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Factorial Designs & Managing Violated Statistical Assumptions Dr James Betts Developing Study Skills and Research Methods (HL20107)

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Presentation on theme: "Factorial Designs & Managing Violated Statistical Assumptions Dr James Betts Developing Study Skills and Research Methods (HL20107)"— Presentation transcript:

1 Factorial Designs & Managing Violated Statistical Assumptions Dr James Betts Developing Study Skills and Research Methods (HL20107)

2 Lecture Outline: Factorial Research Designs Revisited Mixed Model 2-way ANOVA Fully independent/repeated measures 2-way ANOVA Statistical Assumptions of ANOVA.

3 Last Week Recap In last weeks lecture we saw two worked examples of 1-way analyses of variance However, many experimental designs have more than one independent variable (i.e. factorial design)

4 Factorial Designs: Technical Terms Factor Levels Main Effect Interaction Effect

5 Factorial Designs: Multiple IVs Hypothesis: –The HR response to exercise is mediated by gender We now have three questions to answer: 1) 2) 3)

6 Factorial Designs: Interpretation 210 180 150 120 90 60 30 0 Heart Rate (beats min -1 ) Resting Exercise Main Effect of Exercise Not significant Main Effect of Gender Not significant Exercise*Gender Interaction Not significant

7 Factorial Designs: Interpretation 210 180 150 120 90 60 30 0 Heart Rate (beats min -1 ) Resting Exercise Main Effect of Exercise Significant Main Effect of Gender Not significant Exercise*Gender Interaction Not significant

8 Factorial Designs: Interpretation 210 180 150 120 90 60 30 0 Heart Rate (beats min -1 ) Resting Exercise Main Effect of Exercise Not significant Main Effect of Gender Significant Exercise*Gender Interaction Not significant

9 Factorial Designs: Interpretation 210 180 150 120 90 60 30 0 Heart Rate (beats min -1 ) Resting Exercise Main Effect of Exercise Not significant Main Effect of Gender Not Significant Exercise*Gender Interaction Significant

10 Factorial Designs: Interpretation 210 180 150 120 90 60 30 0 Heart Rate (beats min -1 ) Resting Exercise ?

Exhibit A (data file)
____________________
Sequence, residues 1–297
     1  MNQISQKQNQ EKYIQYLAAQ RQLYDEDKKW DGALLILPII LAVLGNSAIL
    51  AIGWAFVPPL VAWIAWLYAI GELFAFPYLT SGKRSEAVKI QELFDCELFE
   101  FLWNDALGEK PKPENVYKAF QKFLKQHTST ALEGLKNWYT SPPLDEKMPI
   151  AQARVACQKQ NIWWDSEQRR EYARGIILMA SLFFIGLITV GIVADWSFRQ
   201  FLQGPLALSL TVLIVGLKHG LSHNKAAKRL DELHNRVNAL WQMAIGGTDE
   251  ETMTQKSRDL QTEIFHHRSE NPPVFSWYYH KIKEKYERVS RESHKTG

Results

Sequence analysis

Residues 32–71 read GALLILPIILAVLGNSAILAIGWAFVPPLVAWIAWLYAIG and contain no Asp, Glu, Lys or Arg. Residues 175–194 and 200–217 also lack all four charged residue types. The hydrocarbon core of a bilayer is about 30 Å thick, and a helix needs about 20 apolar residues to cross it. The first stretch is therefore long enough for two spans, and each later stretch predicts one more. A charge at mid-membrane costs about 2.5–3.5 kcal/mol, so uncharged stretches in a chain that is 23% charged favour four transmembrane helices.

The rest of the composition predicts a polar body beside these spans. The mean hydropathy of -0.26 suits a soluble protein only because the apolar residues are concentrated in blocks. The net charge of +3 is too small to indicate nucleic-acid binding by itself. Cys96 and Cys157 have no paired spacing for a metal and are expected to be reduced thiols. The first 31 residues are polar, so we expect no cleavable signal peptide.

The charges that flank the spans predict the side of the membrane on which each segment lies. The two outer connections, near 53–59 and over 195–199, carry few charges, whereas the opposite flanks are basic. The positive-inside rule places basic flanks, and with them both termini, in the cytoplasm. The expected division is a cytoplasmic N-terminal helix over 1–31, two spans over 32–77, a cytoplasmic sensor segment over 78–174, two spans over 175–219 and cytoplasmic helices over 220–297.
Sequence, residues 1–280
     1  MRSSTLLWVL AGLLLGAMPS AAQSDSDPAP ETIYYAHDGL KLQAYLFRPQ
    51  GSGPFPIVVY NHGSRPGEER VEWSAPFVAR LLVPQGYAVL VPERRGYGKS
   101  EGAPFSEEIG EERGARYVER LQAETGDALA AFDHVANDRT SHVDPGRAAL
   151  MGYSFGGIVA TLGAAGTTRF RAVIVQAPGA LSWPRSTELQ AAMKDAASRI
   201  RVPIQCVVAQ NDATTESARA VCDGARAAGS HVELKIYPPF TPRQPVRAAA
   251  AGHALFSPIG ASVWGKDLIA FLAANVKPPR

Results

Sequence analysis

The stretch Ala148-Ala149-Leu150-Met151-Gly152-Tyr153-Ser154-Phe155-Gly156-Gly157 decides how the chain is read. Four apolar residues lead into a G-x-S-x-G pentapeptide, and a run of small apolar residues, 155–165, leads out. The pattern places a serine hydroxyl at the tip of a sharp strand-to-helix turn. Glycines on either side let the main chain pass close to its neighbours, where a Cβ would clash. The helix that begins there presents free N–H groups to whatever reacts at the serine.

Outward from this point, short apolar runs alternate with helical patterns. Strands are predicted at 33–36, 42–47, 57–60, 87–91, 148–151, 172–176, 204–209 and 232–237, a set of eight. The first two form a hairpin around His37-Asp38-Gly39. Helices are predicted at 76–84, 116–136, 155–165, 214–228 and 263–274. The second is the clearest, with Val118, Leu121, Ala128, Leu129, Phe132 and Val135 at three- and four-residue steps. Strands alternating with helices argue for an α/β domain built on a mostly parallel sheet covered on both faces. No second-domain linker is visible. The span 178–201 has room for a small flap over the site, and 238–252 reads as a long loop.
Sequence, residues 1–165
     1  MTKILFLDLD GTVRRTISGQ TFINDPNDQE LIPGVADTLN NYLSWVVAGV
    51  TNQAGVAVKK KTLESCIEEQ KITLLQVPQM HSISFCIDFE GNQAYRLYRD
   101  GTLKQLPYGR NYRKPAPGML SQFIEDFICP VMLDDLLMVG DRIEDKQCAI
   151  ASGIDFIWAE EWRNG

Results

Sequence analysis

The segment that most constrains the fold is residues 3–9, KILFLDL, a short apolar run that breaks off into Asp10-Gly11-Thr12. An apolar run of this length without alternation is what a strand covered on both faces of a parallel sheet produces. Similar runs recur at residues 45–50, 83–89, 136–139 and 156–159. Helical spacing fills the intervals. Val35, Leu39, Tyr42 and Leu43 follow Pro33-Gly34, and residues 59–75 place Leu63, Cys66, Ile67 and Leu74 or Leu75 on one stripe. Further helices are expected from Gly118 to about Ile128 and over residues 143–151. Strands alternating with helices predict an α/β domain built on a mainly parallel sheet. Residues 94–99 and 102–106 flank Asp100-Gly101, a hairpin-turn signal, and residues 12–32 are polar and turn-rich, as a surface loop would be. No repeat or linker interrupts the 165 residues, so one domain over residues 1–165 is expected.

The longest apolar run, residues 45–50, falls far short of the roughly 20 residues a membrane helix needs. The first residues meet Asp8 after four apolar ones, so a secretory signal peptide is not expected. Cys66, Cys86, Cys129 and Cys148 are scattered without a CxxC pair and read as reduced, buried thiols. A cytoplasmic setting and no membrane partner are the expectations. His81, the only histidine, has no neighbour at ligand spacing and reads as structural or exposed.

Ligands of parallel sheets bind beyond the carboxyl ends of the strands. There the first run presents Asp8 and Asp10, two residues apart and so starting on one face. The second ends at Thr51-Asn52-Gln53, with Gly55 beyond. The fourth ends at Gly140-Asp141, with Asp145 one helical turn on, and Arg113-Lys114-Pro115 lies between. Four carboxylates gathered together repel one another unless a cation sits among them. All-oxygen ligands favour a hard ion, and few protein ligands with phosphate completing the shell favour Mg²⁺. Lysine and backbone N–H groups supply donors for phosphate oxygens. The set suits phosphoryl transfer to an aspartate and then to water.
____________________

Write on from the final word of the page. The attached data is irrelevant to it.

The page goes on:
11 Factorial Designs: Interpretation 210 180 150 120 90 60 30 0 Heart Rate (beats min -1 ) Resting Exercise ?

12 Systematic Variance (resting vs exercise) Error Variance (between subjects) Systematic Variance (male vs female) Systematic Variance (Interaction) 2-way mixed model ANOVA: Partitioning = variance between means due to exercise = variance between means due to gender = variance between means due IV interaction = uncontrolled factors and within group differences for males vs females. Error Variance (within subjects) = uncontrolled factors plus random changes within individuals for rest vs exercise

13 Procedure for computing 2-way mixed model ANOVA Step 1: Complete the table i.e. -square each raw score -total the raw scores for each subject (e.g. X T ) -square the total score for each subject (e.g. ( X T ) 2 ) -Total both columns for each group -Total all raw scores and squared scores (e.g. X & X 2 ).

14 Step 2: Calculate the Grand Total correction factor GT = ( X) 2 N Procedure for computing 2-way mixed model ANOVA

15 Step 3: Compute total Sum of Squares SS total = X 2 - GT Procedure for computing 2-way mixed model ANOVA

16 Step 4: Compute Exercise Effect Sum of Squares SS ex = - GT = + - GT ( X ex ) 2 n ex ( X Rmale + X Rfemale ) 2 n Rmale+fem Procedure for computing 2-way mixed model ANOVA ( X Emale + X Efemale ) 2 n Emale+fem

17 Step 5: Compute Gender Effect Sum of Squares SS gen = - GT = + - GT ( X gen ) 2 n gen ( X Rmale + X Emale ) 2 n maleR+E Procedure for computing 2-way mixed model ANOVA ( X Rfem + X Efem ) 2 n femR+E

18 Step 6: Compute Interaction Effect Sum of Squares SS int = - GT = + + + - (SS ex +SS gen ) - GT ( X ex+gen ) 2 n ex+gen n Rmale Procedure for computing 2-way mixed model ANOVA n Rfem n Emale n Efem ( X Rmale ) 2 ( X Rfem ) 2 ( X Emale ) 2 ( X Efem ) 2

19 Step 7: Compute between subjects Sum of Squares SS bet = -SS gen - GT = -SS gen - GT ( X S ) 2 nk Procedure for computing 2-way mixed model ANOVA ( X T ) 2 +( X D ) 2 +( X H ) 2 +( X J ) 2 +( X K ) 2 +( X A ) 2 +( X S ) 2 +( X L ) 2 nk

20 Step 8: Compute within subjects Sum of Squares SS wit = SS total - (SS ex +SS gen +SS int +SS bet ) Procedure for computing 2-way mixed model ANOVA

21 Step 9: Determine the d.f. for each sum of squares df total = (N - 1) df ex = (k - 1) df gen = (r - 1) df int = (k - 1)(r - 1) df bet = r(n - 1) df wit = r(n - 1)(k - 1) Procedure for computing 2-way mixed model ANOVA

22 Step 10: Estimate the Variances Procedure for computing 2-way mixed model ANOVA Systematic Variance (resting vs exercise) Error Variance (between subjects) Systematic Variance (male vs female) Systematic Variance (Interaction) Error Variance (within subjects) SS ex df ex SS gen df gen SS int df int SS wit df wit SS bet df bet = = = = =